Ear Infections in Cats and Dogs
Ear infections can easily become chronic, so early treatment and proper care is important.
Ear infections are a very common problem in dogs and cats. There
are many different causes and numerous treatment regimens to
affect a cure. Hygiene is of major importance both in curing the
problem and most importantly in prevention of recurrence. Ear
infections can easily become chronic in nature, so proper therapy
early in the course of the disease is important, along with long
term commitment to keeping the ears as clean as possible at all
Dogs and cats ears differ from human ears in several significant
ways. The main difference is the shape and length of the ear
canal. It is longer in animals and has a downward and then inward
direction. Cleaning them requires more effort than in people.
Because the external ear canal in animals takes a downward and
inward path, when you clean the ears you will gently be pulling
up on the external ear to straighten this canal out and allow
deeper penetration of medication.
Pets commonly give their owners a clue that their ears are
bothering them. Most pets will either have discharge, odor, or
will be shaking their head more than usual. Sometimes the ear
flap will become extremely swollen-this is called an aural
hematoma. Pets that have a foreign body in their ear like a fox
tail will be shaking their head extensively and frequently paw at
the affected ear.
Ear disease is caused by many different and predisposing factors,
some of them working in combination:
• Anatomy - deep ear canals and long floppy ears are predisposing causes because they set up a warm and moist environment that bacteria and fungi thrive in.
• Breed - Some breeds like Cocker Spaniels are commonly affected because of allergies, long floppy ears, and inbreeding.
• Allergy - In addition to causing itchy skin and hair loss in general, allergies can also cause ear problems.
• Low Thyroid - On occasion low thyroid hormone can cause ear problems
• Parasites - Ear mites are also a cause of ear disease, especially in cats
• Drug reactions - Any drug can cause a reaction that inflames the ear, so if your pet is taking medication for a condition, you might want to keep close watch on their ears for any signs of inflammation.
• Hygiene - Debris in the ear canal can cause an infection
• Immune system diseases
Since there are many causes to ear disease an accurate diagnosis
is essential to relieving the problem. Several diagnostic tests
are routinely used:
A routine physical exam is used on every pet that is presented
with ear problems because ear infections can be a sign that there
are problems elsewhere in the body. This exam is an essential
part of the diagnostic process and might include routine blood
Ear swabs are used to obtain a sample of discharge for
microscopic analysis. Microscopic analysis of the discharge helps
determine if your pet's problem is bacterial or fungal related.
This analysis is performed by taking some of the discharge from
the ear canal, staining it blue with a special stain, and
observing how many bacteria or fungi are noted. A culture of the
discharge from the ear is sometimes used as an aid to determine
what bacteria or fungus is causing the problem. Since many
organisims are usually grown in a culture, and some of them are
normal inhabitants, this test is not always advantageous. The
otoscope is an important tool that allows us to visualize the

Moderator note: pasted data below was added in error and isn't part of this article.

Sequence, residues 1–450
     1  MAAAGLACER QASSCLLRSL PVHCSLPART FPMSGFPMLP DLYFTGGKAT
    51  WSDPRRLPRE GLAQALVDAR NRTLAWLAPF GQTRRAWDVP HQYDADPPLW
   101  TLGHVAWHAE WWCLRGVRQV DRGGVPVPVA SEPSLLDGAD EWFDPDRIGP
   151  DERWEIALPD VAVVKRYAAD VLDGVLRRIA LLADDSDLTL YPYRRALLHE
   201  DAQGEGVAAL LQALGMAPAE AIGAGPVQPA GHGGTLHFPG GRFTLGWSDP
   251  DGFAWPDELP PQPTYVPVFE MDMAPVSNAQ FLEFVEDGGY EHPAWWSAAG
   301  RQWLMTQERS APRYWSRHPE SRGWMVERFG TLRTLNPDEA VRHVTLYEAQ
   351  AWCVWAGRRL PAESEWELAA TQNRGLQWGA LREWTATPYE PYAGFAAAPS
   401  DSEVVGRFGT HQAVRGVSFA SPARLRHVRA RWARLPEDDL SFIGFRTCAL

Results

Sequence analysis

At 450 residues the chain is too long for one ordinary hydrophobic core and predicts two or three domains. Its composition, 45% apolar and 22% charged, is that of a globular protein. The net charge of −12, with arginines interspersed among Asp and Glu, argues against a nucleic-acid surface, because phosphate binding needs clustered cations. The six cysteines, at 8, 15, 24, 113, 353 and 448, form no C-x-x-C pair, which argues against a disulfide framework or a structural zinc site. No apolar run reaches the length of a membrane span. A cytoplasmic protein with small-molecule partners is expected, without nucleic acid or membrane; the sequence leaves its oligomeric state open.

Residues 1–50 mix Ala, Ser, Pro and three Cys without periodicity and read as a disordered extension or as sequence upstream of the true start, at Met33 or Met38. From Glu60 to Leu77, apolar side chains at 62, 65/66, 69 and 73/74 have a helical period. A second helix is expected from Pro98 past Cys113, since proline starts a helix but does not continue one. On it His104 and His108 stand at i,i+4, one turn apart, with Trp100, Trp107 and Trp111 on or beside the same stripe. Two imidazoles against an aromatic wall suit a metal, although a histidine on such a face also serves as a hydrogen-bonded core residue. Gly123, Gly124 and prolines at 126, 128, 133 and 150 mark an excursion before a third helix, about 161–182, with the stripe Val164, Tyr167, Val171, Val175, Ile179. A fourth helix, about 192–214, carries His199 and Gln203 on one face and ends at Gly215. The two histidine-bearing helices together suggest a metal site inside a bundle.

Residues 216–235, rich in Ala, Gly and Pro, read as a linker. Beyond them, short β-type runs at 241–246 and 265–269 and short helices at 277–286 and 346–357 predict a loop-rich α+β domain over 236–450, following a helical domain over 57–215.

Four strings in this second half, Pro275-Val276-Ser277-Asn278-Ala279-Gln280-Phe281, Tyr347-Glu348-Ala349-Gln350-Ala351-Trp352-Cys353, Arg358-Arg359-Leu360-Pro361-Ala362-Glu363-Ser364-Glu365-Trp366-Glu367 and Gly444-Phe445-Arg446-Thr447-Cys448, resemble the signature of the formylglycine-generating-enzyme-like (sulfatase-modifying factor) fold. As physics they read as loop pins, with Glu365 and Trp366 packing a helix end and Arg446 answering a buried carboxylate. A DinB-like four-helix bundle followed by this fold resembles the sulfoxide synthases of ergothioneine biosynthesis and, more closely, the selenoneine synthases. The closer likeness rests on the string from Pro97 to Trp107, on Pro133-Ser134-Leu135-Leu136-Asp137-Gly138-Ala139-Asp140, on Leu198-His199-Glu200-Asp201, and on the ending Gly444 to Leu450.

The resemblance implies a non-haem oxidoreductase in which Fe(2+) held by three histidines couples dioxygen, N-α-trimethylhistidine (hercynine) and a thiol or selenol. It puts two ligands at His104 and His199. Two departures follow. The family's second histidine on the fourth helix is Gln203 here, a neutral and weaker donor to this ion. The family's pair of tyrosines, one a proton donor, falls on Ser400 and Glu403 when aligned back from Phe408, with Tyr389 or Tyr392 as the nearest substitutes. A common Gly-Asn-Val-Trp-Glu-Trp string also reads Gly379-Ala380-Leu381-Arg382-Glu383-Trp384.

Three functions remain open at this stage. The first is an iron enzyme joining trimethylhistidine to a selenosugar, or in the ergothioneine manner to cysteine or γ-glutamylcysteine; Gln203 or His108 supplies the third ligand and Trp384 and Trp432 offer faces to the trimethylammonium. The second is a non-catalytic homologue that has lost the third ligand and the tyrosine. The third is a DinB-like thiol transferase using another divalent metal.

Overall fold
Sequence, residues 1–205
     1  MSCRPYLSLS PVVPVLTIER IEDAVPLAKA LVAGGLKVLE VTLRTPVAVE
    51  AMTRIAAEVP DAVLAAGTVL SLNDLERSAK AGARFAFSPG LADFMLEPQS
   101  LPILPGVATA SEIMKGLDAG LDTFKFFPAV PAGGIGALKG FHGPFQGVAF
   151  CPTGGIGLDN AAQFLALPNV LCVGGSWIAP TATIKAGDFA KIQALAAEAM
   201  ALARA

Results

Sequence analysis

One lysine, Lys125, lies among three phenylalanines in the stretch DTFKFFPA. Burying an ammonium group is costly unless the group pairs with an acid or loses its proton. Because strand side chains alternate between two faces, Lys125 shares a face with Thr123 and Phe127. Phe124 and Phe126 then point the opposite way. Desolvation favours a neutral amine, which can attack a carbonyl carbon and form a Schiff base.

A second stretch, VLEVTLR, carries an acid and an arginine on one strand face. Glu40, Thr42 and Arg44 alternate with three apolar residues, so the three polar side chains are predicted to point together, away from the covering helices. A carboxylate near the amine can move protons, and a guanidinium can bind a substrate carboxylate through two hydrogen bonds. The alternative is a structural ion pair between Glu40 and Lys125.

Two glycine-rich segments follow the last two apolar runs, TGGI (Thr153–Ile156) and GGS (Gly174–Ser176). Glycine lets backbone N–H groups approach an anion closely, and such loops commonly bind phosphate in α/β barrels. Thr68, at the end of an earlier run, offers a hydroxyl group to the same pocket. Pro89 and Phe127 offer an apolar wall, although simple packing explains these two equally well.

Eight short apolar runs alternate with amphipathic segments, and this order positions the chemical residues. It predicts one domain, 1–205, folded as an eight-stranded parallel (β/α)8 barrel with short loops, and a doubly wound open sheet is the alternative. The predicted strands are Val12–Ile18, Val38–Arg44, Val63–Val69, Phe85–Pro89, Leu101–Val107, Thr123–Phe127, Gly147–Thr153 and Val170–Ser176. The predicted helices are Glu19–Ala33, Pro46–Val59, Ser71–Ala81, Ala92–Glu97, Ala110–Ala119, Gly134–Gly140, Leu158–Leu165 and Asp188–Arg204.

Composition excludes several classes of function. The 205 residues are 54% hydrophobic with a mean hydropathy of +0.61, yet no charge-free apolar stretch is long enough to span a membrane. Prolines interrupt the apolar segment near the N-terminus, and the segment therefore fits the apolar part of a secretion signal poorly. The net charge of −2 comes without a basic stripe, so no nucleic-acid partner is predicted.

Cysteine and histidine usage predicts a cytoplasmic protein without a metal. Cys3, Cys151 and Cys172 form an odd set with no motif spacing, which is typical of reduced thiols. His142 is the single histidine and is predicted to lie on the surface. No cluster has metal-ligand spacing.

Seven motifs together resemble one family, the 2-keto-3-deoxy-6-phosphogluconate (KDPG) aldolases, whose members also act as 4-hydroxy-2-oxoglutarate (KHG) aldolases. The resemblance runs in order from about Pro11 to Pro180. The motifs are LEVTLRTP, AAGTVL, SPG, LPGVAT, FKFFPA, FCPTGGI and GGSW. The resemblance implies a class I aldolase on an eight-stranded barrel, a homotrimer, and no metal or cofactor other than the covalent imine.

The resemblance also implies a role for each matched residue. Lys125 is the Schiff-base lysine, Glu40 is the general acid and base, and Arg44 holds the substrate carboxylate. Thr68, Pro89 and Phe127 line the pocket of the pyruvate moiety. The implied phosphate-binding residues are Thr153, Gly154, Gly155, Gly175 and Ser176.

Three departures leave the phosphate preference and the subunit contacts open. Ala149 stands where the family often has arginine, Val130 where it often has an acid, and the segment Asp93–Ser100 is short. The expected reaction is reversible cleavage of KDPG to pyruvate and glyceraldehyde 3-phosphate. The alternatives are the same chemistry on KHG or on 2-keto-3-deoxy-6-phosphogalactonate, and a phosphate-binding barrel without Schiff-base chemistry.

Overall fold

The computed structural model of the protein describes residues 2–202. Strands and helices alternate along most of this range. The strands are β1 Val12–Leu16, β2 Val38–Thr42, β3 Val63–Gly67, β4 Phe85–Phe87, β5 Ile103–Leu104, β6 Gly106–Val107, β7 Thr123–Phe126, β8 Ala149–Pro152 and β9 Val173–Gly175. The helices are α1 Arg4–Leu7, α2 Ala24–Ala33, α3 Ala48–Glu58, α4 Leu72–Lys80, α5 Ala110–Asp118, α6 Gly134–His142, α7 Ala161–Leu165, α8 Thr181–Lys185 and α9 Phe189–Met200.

anatomy of the external ear canal, including the ear drum. It is
also used to retrieve foreign bodies, usually foxtails, from the
ear canal, and to check for tumors. Checking for proper thyroid
levels is also an important test in every dog that has recurring
problems, such as in Golden Retrievers.
In addition to these procedures, allergy tests are also utilized
when they are suspected as the cause of the problem. A blood
sample may also be taken to test for allergies to food, commonly
found material inside of your house, and plant like materials
found throughout our area in the outdoors. Your doctor will let
you know if this test is needed.
Each ear infection requires specific treatment depending on the
results of the physical exam and diagnostic tests. If there are
underlying problems your doctor will prescribe medication to
prevent them. In the overwhelming majority of cases medical care
is all that is needed. Surgical correction of an ear infection is
usually used only after medical care has been unable to control
For the majority of ear infections proper cleaning and routine
topical medication will correct the problem. In some pets the
ears are so inflamed that its painful to clean the ears. In these
severe cases sedation may be used along with flushing. A warm
cleansing solution is used to remove debris and infection from
deep within the ear canal by flushing action only. Learning how
to clean your pet's ears is crucial. Once you have an ear
infection under control, which takes 3-7 days in most cases, your
goal should be to clean your pet's ears once or twice each week
in order to prevent recurrence. Infections that continually recur
are very painful and substantially decrease your pet's quality of
Your doctor will routinely prescribe two medications. The first
is used to gently clean the ear canal and remove debris and
infection. The second medication is a combination preparation
that kills either bacteria, fungi, or parasites. These
medications usually contain an anti-inflammatory preparation to
help soothe the ear. Occasionally your doctor will prescribe oral
medication to clear up the infection and to decrease the
inflammation in the ear canal.
Many dogs have hair inside of the ear canal. This hair is removed to facilitate cleaning and to let air circulate into the ear canal. This should be done routinely, which for most dogs is once monthly. These ears are typical of a pet that needs the hair removed from its ears and a thorough cleaning.